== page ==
Dulverton (Holy Trinity)

DULVERTON (Holy Trinity), a market-town and parish, and the head of a union, in the hundred of Williton and Freemanners, W. division of Somerset, 14 miles (W.) from Wiveliscombe, and 163 (W. by S.) from London; containing 1422 inhabitants. This place probably derives its name from being seated in a deep valley, and upon a ford on the river Barle, which rises in Exmoor Forest, and, after flowing through the town under a stone bridge of five arches, falls into the Exe near Brushford. Dulverton, perhaps on account of the remoteness of its situation from any great public thoroughfare, is but little connected with events of historical importance, the only circumstance upon record being the execution in the market-place of several individuals who were concerned in the rebellion of 1745. The town consists principally of two streets; the houses are in general well built, and the inhabitants amply supplied with water. There is a great number of forest deer, preserved in the adjoining woods. A silk-manufactory has been established, in which several children are employed. The market, originally granted by Philip and Mary to twelve trustees, who were to apply the profits to the improvement of the town, and the benefit of the poor, is on Saturday, and is well supplied with corn and the produce of the dairy: the fairs are on July 10th and November 8th. Courts leet and baron are held annually, at the former of which two constables, two tythingmen, two ale-tasters. two surveyors of weights and measures, and other officers, are chosen and sworn into office before the steward of the manor. The parish comprises 8120 acres, of which about 1200 are common or waste. The living is a vicarage, valued in the king's books at £21. 10. 10.; patrons and appropriators, the Dean and Chapter of Wells. The great tithes have been commuted for £300, and the vicarial for £421; the appropriators have a glebe of 5 acres. The church is a neat edifice in the ancient English style with a square embattled tower. A school was founded in 1636, by Elizabeth Dyke, of Pixton, who endowed it with a tenement producing £12 per annum, which endowment was subsequently increased with legacies to about £22 per annum: it is further supported by subscription, and is now conducted upon the national system. The poor law union of Dulverton comprises 11 parishes or places. About a mile and a half west-north-west of the town is Bury Castle, an ancient encampment. In the neighbourhood is a mineral spring, the water of which is impregnated with iron, but it is not now used medicinally: there is also a spring called Holy Well, to which, on Holy-Thursday, it was formerly the custom to carry persons afflicted with disease.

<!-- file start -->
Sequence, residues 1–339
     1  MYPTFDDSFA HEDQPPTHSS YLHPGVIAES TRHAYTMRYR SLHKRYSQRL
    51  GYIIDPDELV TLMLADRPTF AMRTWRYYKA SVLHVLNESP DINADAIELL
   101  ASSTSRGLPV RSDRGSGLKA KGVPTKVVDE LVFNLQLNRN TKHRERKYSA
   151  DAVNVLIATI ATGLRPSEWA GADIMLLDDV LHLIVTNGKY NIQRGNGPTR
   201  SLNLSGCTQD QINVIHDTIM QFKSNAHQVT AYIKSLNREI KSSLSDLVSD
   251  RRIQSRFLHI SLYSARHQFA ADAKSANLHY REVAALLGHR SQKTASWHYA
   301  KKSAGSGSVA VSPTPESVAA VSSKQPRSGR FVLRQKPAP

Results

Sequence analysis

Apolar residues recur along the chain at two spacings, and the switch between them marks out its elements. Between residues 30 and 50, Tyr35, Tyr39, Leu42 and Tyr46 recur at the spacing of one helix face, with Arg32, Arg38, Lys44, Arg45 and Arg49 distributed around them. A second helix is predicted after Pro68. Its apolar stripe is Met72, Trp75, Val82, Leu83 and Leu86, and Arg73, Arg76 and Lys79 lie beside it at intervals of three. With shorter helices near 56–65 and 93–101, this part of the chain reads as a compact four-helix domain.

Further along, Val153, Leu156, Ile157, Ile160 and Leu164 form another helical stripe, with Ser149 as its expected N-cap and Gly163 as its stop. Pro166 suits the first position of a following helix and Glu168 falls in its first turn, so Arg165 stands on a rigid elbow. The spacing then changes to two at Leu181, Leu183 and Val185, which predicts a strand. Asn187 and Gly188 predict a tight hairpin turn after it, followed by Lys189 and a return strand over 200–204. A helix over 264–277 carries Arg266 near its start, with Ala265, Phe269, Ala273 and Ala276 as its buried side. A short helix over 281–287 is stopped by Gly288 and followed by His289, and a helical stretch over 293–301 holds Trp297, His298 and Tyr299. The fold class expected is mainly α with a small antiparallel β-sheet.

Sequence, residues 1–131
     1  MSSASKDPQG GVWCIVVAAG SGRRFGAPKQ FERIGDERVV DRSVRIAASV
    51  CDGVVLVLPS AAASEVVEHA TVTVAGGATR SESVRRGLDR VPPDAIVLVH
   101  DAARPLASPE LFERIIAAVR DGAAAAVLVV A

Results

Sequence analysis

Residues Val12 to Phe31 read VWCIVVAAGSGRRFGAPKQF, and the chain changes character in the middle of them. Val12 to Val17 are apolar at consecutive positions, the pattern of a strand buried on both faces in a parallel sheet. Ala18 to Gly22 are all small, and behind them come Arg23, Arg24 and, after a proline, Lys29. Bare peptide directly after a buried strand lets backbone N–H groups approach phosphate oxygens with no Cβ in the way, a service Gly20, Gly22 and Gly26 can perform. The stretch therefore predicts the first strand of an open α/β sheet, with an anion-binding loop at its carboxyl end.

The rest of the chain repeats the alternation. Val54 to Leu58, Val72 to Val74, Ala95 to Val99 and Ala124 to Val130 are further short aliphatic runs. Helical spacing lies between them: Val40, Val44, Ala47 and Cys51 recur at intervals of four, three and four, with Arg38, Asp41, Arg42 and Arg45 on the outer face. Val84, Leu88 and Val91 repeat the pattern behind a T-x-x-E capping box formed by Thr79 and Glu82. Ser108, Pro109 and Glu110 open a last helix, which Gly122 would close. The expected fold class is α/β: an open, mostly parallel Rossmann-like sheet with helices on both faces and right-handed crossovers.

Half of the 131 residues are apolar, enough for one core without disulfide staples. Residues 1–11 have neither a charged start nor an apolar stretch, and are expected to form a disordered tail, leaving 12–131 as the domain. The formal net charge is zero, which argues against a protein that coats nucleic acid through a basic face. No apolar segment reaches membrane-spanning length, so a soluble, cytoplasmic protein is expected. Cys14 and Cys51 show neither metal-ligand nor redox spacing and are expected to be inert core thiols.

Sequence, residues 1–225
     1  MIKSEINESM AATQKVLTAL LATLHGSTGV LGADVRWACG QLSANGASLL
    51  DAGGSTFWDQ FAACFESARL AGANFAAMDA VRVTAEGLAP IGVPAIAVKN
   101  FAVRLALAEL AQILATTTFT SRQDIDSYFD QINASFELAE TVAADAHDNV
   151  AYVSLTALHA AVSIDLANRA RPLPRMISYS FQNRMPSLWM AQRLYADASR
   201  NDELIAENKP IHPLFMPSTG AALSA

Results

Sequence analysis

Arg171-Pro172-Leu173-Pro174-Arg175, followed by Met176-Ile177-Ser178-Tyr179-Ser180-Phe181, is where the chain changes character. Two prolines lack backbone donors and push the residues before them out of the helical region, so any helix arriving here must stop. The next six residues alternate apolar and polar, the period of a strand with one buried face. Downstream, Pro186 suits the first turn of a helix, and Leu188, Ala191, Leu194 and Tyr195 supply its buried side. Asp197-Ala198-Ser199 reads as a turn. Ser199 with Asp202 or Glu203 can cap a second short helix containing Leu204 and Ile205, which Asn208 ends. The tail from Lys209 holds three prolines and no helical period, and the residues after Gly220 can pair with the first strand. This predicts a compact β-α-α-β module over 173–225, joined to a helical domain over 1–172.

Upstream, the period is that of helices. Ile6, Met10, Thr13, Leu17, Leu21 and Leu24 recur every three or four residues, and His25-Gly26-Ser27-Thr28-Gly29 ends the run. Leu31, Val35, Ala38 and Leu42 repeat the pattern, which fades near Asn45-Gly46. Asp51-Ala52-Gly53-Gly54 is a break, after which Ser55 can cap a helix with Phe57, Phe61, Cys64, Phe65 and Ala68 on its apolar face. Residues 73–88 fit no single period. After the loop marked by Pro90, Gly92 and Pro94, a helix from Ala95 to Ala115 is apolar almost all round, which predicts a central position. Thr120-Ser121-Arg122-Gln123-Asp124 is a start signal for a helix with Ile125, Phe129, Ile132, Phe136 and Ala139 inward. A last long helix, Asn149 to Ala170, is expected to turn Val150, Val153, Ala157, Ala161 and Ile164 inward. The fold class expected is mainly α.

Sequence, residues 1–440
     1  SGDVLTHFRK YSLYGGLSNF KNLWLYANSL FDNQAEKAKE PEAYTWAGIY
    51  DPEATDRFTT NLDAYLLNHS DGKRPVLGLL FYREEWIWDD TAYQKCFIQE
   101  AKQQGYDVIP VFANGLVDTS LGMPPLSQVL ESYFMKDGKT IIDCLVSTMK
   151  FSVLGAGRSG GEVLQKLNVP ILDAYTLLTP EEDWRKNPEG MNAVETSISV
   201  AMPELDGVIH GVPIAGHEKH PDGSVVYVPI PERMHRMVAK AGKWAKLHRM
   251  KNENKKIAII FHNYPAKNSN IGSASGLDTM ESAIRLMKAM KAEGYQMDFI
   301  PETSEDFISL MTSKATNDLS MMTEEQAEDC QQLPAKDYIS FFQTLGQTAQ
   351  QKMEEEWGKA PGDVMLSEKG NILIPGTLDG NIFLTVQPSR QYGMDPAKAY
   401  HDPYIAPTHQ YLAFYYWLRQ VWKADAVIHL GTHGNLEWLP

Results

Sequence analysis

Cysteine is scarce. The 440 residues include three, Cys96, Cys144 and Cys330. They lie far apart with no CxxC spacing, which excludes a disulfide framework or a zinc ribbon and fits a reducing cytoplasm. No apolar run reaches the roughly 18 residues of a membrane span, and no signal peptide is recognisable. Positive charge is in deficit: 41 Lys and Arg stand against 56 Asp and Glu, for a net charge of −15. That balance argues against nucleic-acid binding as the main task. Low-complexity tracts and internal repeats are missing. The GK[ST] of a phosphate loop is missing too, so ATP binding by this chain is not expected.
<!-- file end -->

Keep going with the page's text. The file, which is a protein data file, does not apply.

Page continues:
Transcribed from A Topographical Dictionary of England, by Samuel Lewis, 7th edition, published in 1848.

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